Other than that, the existence of a pricepoint equilibrium might not be all that bad. At the very least, it prevents an appstore-like race to the bottom from happening. Imagine what would happen if EA and Activision engaged in a price war over their FPS franchises. The effects it would have on the rest of the industry would be disastrous.

Ryan Marshall
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Just on a practical note, physical media decays over time. The online verification needs not last longer than the physical disc remains readable, which might be what? Twenty years? For a single-player game that doesn't rely on vast server resources, where you would just need a simple yes/no for whether a game has been registered before, this doesn't seem too unreasonable.

One solution which I haven't heard suggested is a non-compete period, say six months, during which games couldn't be resold. (Maybe there's an online registration, but old registries decay after six months and then they can be re-used; I'm not a tech guy.) That way, we wouldn't run into the doomsday scenario of a game being completely unavailable once it is no longer being manufactured, which really is the worst possible outcome (in my opinion). Maybe Gamestop would refuse to buy used games that have been released within the last six months, to prevent from being stuck with time-locked merchandise clogging their shelves.

It's just an idea, but it seems like the next best thing to actually making games that people won't get sick of within the first month.

k s
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Ryan I like your idea. Most sales of a game tend to be within a few months of launch so making resale difficult for six months is a fair a reasonable way of limiting the used market without completely hurting to consumer.

Hakim Boukellif
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Twenty years feels on the low side to me, unless the medium is treated poorly or it's used every day of those twenty years. But whether or not it doesn't take much resources to keep the server up for so long isn't really the issue; there's all sorts of complications that could happen in that period. If the company goes under, so does the server. If the company loses the rights to the game, then it remains to be seen whether the new owner is willing to keep supporting a 15 year old game on a dead console.

Anyway, I like your non-compete period idea. On-line registration is probably the best bet for this working, as I doubt companies like Gamespot would concede to it otherwise, but I do think the game should unlock on its own after the period, or else it will still be eternally dependent on a service. That would be easily bypassed by changing the date of the console, but the extra hoops the user would have to go through and network features not working would probably be enough to restrict the sale of used copies in that period.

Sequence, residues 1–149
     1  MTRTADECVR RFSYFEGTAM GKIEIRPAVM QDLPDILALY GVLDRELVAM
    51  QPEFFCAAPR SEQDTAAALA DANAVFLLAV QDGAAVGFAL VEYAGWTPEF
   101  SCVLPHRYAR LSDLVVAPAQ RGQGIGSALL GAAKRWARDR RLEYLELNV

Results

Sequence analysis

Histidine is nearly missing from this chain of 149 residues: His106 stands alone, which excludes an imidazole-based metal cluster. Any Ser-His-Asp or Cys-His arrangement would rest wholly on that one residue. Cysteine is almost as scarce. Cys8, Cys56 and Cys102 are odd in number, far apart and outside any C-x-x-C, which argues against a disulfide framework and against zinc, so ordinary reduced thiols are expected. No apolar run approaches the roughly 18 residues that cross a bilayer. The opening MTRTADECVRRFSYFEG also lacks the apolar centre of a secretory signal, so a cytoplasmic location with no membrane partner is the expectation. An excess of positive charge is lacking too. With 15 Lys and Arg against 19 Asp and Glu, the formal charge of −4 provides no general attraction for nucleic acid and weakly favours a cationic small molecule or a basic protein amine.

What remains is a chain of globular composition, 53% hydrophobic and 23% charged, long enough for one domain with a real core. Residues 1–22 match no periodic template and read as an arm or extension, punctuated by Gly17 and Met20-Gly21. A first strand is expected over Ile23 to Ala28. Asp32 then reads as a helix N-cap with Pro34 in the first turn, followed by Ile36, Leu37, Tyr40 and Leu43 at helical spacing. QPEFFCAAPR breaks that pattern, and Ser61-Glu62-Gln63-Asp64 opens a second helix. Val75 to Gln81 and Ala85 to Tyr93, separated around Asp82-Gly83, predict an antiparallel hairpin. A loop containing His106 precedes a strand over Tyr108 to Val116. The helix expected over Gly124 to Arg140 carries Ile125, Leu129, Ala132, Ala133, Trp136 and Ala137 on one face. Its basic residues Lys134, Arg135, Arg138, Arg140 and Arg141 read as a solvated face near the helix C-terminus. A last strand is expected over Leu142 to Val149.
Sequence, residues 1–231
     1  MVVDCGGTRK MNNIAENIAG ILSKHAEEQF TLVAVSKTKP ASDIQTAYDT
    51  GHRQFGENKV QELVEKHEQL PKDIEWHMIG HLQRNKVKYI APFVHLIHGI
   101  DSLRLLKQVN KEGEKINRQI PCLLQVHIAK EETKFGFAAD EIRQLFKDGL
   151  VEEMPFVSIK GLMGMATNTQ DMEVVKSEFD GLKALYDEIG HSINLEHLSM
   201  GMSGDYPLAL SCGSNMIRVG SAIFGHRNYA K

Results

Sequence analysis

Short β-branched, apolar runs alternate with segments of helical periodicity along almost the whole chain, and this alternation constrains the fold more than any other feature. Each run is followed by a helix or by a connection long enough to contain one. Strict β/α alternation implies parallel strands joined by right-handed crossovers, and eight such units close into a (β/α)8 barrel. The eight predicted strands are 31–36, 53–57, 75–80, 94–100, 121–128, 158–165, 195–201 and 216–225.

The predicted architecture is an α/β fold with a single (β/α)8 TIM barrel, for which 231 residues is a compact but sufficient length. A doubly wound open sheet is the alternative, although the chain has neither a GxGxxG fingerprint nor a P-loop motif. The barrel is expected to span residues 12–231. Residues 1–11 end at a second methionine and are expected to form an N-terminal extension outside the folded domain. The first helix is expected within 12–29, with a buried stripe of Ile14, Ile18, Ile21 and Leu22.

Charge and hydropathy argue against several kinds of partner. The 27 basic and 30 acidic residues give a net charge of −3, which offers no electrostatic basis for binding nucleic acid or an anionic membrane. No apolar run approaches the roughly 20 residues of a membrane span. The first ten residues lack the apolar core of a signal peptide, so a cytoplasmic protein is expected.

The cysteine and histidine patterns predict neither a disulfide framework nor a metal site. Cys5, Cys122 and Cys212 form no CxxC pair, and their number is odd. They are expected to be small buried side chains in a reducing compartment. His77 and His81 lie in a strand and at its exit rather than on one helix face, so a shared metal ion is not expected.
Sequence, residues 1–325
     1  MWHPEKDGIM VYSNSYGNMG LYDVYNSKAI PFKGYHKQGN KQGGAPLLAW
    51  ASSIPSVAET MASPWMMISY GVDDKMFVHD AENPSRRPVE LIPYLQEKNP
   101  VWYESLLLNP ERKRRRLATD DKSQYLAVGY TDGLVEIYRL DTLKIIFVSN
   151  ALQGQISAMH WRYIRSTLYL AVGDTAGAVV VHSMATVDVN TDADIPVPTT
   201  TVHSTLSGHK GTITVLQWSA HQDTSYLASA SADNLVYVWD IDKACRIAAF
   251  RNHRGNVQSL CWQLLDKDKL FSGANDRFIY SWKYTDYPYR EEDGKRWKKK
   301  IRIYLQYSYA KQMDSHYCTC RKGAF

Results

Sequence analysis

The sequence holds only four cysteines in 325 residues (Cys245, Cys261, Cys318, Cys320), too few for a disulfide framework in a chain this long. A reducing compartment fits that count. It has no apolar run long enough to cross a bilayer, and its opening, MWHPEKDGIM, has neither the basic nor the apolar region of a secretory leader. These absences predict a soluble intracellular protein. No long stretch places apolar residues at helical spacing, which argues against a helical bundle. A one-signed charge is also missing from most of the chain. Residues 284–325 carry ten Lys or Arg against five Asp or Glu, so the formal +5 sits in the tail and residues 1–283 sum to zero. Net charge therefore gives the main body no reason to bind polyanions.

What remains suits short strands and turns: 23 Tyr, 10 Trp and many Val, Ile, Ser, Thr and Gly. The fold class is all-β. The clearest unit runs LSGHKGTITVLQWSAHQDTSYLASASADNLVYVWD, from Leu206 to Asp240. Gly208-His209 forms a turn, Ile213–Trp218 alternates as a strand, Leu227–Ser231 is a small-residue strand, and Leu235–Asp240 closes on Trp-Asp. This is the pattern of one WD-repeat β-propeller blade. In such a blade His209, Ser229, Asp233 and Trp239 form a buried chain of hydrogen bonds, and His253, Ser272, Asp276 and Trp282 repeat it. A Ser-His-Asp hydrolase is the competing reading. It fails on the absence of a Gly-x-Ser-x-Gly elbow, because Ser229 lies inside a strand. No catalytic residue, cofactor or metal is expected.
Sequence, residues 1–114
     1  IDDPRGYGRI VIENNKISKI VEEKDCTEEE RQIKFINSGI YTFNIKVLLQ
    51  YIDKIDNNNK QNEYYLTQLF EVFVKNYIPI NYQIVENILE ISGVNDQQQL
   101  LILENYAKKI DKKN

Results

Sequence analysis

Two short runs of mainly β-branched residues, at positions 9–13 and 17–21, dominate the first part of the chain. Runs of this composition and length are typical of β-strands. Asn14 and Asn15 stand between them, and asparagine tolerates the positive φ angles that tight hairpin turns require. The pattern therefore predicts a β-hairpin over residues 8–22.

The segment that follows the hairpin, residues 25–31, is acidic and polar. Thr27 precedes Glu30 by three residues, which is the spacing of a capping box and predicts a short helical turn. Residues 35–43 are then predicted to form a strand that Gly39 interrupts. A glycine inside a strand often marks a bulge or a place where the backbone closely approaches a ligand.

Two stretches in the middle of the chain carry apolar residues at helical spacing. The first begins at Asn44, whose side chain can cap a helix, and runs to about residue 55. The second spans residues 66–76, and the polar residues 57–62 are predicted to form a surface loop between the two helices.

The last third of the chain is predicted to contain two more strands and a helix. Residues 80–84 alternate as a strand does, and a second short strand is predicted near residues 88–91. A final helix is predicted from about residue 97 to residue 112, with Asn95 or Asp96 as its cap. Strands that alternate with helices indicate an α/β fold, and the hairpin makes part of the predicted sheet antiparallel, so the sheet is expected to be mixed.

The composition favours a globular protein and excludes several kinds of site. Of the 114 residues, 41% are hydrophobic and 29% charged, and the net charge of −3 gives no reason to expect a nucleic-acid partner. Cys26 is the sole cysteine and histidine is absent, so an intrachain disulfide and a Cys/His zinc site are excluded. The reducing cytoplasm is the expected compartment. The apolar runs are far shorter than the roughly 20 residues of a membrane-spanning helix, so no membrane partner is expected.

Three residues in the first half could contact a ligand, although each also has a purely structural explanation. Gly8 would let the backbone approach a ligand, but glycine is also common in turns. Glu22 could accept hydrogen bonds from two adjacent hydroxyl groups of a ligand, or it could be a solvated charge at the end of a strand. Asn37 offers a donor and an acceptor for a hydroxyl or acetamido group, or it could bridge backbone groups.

Luke Shorts
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I really can't fathom how you can define GameStop (or any other retailer, for that matter) as a "competitor" of a game publisher.

Publisher and retailer are different stages of a certain distribution chain, typically Developer -> Publisher -> Retailer. In fact, a retailer normally buys games from a publisher, and then adds to the price the publisher sets its mark-up before offering the product to the final customers. So, it is more correct to say that Gamestop is in a customer/seller relationship with EA/Activision/you name it, and not a competitor. If anything, the closest thing to a competitor of the publisher in used games sales would be the gamers themselves: the retailer may decide to prefer the supplier "gamer" instead of the supplier "publisher" since from the former it can get the "same" (at least functionally) product at a lower price and possibly add a higher mark-up. However, even such a definition would be misleading since gamers cannot put into the market games independently from the publishers, but need to buy them from the retailers in the first place.

Since the premise of your reasoning is flawed, I personally feel the conclusions do not hold water as well. Just for the sake of the argument I'd like to point out that most used games acquisition policies in place at retailers such as GameStop are actually geared to enable gamers to fund future purchases (this is also, at least anecdotally, one of the main reason for gamers to sell used games; a good discussion of this, and other aspects of the issue is here
ive/). As a consequence of that, I don't think that preventing used games sales is likely to increase the overall size of the new games market, nor would it shape it in the form of more games at a lower price since such restriction does not influence at all the main driver of the new games' price tag, i.e. the production costs.

Bob Johnson
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Much of this doesn't make sense. New game prices fall quite rapidly from most publishers. If the publisher doesn't lower their new game price then the more likely there will be a bigger gap between the new price and used price. Gamestop keeps their used game prices high, but remember they have deals all the time on used games and remember they aren't the only source of used games. Amazon and EBay are two big sources of used games as well.No the opposite is true. Used games force the price of new games downward much quicker than they would otherwise drop in price because those new games compete against used copies. Yes the price of new will always lose out to used as with most things, but a new copy is also generally considered more desirable than a used copy.

Bob Johnson
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But I will say used copies keep the list price of games higher because consumers know they can trade in the game when they are done with it. In that sense they keep prices high, but the real price of a game isn't $60. The initial buy is $60. But your cost in the end is $60 minus resale value.

Stacey Kaminski
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While there is currently no formal marketplace for used PC games, I find it a bit disingenuous to state that there's *no* market for them. The mechanics of used PC game sales make it unreasonably difficult for a company specializing in used games to emerge, but that doesn't mean that consumer interest or demand isn't there. It just happens with less tracking and far more direct interaction between the original owner and the buyer.

Systems like Steam and Origin are the latest big examples of strategies employed to combat the PC used market -- this is analogous to the downloadable games for consoles and handhelds being locked both to one particular account and one piece of hardware, I think. Both have been relatively gently pushing at making game purchases non-transferable, and it shouldn't be surprising that they'd want to extend consumer willingness to forgo resale as much as possible.